(CBS) Warfarin may be the usual drug for preventing strokes in people with the heart rhythm problem known as atrial fibrillation, but a new study shows that an experimental blood thinner called apixaban works way better.
In addition to being 21 percent less likely to have a stroke, people who took apixaban (Eliquis) were 31 less likely to experience bleeding problems and had a 11 percent reduction in mortality, the study's lead author, Duke University's Dr. Christopher B. Granger, said in a written statement.
The study, which involved more than 18,000 patients in 39 countries, also showed that apixaban works safely without the regular blood tests that are essential for people taking warfarin (Coumadin). And apixaban has fewer interactions between foods and other drugs.
The benefits could mean more people with AF could get the life-saving treatment they need.
"There is an enormous unmet need for treatment of patients at risk for stroke associated with atrial fibrillation," Granger said. "Only about half of patients who should be treated are being treated" because of the limitations of warfarin treatment.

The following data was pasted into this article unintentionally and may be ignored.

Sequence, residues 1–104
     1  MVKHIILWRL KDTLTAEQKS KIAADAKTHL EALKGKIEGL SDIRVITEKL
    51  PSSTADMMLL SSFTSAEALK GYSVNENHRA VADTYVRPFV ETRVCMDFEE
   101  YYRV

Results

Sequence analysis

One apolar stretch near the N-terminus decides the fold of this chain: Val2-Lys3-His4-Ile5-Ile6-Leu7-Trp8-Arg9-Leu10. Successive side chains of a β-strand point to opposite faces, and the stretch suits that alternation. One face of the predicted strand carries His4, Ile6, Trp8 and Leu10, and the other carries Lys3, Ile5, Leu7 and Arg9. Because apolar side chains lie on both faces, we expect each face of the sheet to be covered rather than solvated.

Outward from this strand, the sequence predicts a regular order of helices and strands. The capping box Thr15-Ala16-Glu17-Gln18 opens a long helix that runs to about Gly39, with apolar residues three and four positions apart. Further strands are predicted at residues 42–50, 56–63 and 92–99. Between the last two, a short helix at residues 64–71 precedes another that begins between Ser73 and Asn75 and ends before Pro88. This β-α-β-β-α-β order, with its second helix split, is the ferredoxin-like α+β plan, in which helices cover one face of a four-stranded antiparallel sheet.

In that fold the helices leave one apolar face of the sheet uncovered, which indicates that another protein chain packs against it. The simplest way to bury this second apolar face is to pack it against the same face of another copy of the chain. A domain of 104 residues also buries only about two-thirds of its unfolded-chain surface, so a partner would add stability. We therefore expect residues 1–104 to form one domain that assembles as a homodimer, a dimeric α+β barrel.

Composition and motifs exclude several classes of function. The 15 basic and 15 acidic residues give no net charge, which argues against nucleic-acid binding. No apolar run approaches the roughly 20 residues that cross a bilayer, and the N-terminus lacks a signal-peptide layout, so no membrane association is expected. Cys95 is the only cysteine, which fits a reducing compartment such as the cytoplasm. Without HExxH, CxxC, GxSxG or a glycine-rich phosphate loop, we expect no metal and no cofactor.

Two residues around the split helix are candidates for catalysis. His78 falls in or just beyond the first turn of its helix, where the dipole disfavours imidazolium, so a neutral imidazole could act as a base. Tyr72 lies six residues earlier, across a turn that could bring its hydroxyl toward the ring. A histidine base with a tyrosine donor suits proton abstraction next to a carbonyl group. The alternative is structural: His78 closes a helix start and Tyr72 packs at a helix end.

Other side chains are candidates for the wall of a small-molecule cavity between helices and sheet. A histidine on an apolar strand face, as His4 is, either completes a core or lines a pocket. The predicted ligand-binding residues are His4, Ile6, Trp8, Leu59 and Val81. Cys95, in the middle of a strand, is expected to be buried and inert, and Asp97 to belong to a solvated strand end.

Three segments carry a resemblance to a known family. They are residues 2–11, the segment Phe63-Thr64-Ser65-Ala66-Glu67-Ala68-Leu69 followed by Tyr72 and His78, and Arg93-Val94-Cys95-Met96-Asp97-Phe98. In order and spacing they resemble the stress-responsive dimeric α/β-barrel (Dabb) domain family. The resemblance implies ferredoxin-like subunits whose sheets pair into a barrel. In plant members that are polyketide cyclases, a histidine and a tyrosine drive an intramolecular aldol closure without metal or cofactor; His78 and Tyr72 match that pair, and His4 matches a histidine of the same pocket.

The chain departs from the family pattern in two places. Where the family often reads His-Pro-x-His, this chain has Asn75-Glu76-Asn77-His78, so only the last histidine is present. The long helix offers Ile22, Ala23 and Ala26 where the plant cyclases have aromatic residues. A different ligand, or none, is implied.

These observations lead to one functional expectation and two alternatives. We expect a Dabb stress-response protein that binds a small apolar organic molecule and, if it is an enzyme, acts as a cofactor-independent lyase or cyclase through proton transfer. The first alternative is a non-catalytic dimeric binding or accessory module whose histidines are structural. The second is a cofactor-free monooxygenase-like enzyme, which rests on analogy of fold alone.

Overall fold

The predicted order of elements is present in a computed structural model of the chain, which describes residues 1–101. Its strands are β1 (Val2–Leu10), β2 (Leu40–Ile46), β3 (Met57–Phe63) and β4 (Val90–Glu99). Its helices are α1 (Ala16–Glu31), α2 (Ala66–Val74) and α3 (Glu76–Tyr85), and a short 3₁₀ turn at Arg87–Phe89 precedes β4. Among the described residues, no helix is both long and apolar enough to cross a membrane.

Dr. Gregg C. Fonarow, a professor of cardiology at UCLA, hailed the news about apixiban, which is being developed by Bristol-Meyers Squibb and Pfizer. "This represents a very important therapeutic advance in the care of patients with atrial fibrillation," he told HealthDay.
The study was published in the August 28 issue of the New England Journal of Medicine.
About 2.6 million Americans have AF. The condition is marked by disorganized electrical activity within the heart. The resulting irregularity in heart rate results in poor blood flow to the body and can increase the risk for stroke. Symptoms of AF include heart palpitations and shortness of breath.
The National Heart Lung and Blood Institute has more on atrial fibrillation.
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